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Israel's new status at the U.N.: Will it make a difference?

New adviser critical of Israel's policies toward Palestinians

Jewish Telegraphic Agency
September 19, 2000

NEW YORK—Israel may now be getting good vibes from the U.N. General Assembly, but Jewish observers expect continued hostile treatment from another prominent U.N. organ, the Geneva-based Commission on Human Rights.
Courtesy Conference of Presidents
U.S. Secretary of State Madeleine Albright, second from left, joined Conference of Presidents of Major American Jewish Organizations Chairman Ronald Lauder, right, and U.S., Israeli and other dignitaries at an event sponsored by the Conference of Presidents marking Israel's inclusion in the U.N.'s Western European and Others Group Sept. 13 in New York. From left to right: Michael Miller, executive vice president of the JCRC New York, Malcolm Hoenlein, executive vice chairman of the Conference of Presidents, Shlomo Ben-Ami, acting foreign minister of Israel, Gedale Horowitz, president of JCRC New York, Albright and Lauder.
The Jewish state is no longer the only U.N. member not to be included in one of five regional groupings in the world body, plus it has been lauded for "going the extra mile" to achieve peace in the Middle East.

But in what could be a sign of trouble for Israel, Palestinian legal and human rights expert Mona Rishmawi was named special adviser to Mary Robinson, the United Nations' high commissioner for human rights.

Rishmawi's past activities and academic writings have displayed clear antipathy for Israel and its policies toward Palestinians, observers say.

Robinson's office, which carries out the will of the U.N. Commission on Human Rights and is mandated to carry out its duties without bias, is already notorious among Israeli officials.

Rishmawi, who has earned praise for her work as the U.N.'s human rights monitor for Somalia, is the former executive director of Al-Haq, a Palestinian human rights group that focuses primarily on what they view as Israeli violations in the "Occupied Territories" of the West Bank and Gaza Strip.

In the past, Rishmawi has written of Israel's "Judaization" and "colonial interests" in the territories, and compared Israeli policy there with Nazi laws in the lands Germany controlled during World War II.

Israeli diplomatic sources expressed concern over her appointment earlier this month, and reportedly tried to block it. The Israelis said they had objected not simply because Rishmawi is a Palestinian, but because they believed she will lack sufficient fairness and objectivity whenever Israel comes up for discussion.

"Ms. Rishmawi has been known for several years as a harsh critic of Israeli policies," said one Israeli source.

"We express the hope that Ms. Rishmawi will be able carry out her responsibilities in the required manner."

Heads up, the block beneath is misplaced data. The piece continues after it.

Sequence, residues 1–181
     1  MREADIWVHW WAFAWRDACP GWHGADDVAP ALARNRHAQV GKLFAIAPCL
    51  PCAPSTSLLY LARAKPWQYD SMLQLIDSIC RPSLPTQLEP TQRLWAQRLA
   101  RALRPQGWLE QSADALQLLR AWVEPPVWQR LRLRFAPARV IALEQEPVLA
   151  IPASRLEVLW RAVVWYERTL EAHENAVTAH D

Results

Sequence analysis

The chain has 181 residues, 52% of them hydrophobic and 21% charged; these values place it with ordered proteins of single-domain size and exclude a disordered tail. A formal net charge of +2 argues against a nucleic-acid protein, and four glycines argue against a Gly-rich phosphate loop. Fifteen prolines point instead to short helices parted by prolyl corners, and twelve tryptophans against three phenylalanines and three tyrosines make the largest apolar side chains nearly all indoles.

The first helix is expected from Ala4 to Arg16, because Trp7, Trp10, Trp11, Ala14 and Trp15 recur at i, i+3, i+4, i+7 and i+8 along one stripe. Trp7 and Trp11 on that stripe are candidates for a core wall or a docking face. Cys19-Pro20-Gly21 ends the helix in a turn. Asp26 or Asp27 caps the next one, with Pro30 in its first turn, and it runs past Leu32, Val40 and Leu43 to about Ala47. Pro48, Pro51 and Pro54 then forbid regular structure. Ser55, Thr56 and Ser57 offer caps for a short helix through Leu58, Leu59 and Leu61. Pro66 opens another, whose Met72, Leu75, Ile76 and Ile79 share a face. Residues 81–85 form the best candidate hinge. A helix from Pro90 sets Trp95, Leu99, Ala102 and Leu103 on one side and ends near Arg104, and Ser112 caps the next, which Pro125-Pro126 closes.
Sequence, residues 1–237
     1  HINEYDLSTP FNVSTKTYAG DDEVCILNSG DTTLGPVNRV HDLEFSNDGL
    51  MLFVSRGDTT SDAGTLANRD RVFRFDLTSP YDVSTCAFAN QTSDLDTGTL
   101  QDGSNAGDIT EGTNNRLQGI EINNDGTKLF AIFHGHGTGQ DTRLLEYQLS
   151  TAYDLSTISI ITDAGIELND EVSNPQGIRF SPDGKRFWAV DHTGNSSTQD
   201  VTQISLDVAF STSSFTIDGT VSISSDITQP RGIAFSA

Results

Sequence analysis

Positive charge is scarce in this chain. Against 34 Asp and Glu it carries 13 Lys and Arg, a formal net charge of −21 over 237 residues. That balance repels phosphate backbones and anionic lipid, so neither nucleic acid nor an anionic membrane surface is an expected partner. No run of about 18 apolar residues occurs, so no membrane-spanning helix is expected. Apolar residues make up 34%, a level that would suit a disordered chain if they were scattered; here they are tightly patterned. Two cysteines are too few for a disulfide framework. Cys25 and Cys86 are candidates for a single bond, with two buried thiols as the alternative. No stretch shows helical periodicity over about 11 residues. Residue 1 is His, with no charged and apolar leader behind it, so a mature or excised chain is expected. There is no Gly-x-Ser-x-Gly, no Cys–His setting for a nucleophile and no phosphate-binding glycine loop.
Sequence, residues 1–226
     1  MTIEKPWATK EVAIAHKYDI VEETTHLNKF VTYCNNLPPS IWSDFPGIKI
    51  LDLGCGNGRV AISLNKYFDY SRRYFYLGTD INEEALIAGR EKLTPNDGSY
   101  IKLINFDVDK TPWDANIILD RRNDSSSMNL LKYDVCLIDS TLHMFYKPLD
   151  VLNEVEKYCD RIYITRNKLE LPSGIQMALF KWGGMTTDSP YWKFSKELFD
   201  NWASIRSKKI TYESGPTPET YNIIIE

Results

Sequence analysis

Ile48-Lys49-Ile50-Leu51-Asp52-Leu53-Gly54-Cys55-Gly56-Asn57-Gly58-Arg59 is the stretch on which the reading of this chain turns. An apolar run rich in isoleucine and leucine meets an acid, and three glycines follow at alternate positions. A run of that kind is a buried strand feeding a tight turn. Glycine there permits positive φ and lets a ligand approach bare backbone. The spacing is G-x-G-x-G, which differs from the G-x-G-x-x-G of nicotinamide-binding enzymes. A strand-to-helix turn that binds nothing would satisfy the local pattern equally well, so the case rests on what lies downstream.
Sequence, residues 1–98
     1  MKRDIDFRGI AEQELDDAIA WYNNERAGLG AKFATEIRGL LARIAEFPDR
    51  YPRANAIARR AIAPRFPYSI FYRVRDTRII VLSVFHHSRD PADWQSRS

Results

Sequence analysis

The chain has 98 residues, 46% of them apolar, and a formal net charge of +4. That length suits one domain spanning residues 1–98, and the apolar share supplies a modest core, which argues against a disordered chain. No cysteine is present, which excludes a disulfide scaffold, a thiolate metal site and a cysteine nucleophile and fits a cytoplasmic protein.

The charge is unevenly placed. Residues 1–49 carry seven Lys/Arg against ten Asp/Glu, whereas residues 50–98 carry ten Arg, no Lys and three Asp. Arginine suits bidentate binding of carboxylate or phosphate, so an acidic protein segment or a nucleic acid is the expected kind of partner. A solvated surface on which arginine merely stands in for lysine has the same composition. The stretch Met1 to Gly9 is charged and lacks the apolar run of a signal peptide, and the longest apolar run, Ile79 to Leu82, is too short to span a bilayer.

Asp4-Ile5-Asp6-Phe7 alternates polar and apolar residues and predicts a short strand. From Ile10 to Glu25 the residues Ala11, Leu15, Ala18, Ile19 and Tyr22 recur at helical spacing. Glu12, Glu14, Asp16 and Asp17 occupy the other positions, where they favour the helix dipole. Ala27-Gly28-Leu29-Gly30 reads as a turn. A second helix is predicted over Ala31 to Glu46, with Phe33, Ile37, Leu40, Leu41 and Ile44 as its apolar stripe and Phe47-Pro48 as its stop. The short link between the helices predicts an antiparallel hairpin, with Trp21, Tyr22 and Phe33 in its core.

The human rights commissioner's office, also based in Geneva, apparently believes she will.

"The selection committee, in doing its work, takes into account standards of impartiality and neutrality that all prospective U.N. staff must fulfill to work for the organization," said spokesman Jose Diaz.

Messages left by JTA at Rishmawi's office and home were not returned.

She is also director of the Geneva-based Center for the Independence of Judges and Lawyers, an arm of the International Commission of Jurists.

Israel deems both groups to be one-sided in their assessments of the Middle East, though the ICJ Web site indicates the group has also criticized the Palestinian Authority and various Muslim states for repressive policies.

The ICJ was awarded the Council of Europe's first European Human Rights Prize in 1980 and the United Nations Award for Human Rights in 1993.

That the United Nations would honor the ICJ doesn't surprise Israeli and American Jewish observers. They have long perceived anti-Israel bias at the United Nations.

Both the 53-member human rights commission and the office of High Commissioner Robinson, the former president of Ireland, are notorious among Israelis for what is seen as their relentless criticism of Israel.

The commission's history of anti-Israel resolutions, Jewish observers say, rivals that which was directed at South Africa during the apartheid era.

At its annual spring sessions, the commission basically discusses two agenda items, said David Harris, the executive director of the American Jewish Committee.

"Item one is the Israeli-occupied territories; item two is everything else, literally," said Harris.

"Every other human rights violation in the world, whether in Chechnya, Sierra Leone, Congo or Iran, is all subsumed under one agenda item, while the other item is country-specific. To think this goes on, year after year, with the acquiescence of countries that should know better, is mind-boggling."

© JTA Inc., 2000. May not be reproduced without written permission


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